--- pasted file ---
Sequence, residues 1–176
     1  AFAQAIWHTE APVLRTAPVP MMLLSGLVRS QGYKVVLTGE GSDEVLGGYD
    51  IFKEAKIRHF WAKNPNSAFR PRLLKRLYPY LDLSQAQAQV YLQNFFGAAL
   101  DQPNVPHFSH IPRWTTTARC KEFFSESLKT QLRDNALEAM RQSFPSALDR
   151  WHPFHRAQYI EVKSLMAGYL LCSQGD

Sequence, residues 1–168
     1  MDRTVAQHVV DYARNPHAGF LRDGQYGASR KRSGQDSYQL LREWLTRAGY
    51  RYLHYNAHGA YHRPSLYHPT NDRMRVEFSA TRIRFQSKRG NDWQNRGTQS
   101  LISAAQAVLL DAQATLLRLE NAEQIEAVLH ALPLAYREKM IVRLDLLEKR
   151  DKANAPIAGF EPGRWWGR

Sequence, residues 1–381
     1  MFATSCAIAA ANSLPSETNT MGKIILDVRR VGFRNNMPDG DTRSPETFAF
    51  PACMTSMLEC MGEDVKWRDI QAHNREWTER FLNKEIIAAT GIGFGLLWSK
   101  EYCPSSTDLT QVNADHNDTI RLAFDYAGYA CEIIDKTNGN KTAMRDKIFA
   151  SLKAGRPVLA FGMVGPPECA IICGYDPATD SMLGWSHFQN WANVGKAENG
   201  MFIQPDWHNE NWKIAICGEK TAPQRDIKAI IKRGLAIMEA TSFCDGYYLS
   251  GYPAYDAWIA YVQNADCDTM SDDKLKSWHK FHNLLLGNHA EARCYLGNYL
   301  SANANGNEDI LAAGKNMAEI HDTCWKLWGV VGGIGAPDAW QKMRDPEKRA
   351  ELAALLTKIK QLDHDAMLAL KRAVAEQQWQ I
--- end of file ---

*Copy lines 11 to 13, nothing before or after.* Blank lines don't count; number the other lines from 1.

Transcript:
Sequence, residues 1–381
     1  MFATSCAIAA ANSLPSETNT MGKIILDVRR VGFRNNMPDG DTRSPETFAF
    51  PACMTSMLEC MGEDVKWRDI QAHNREWTER FLNKEIIAAT GIGFGLLWSK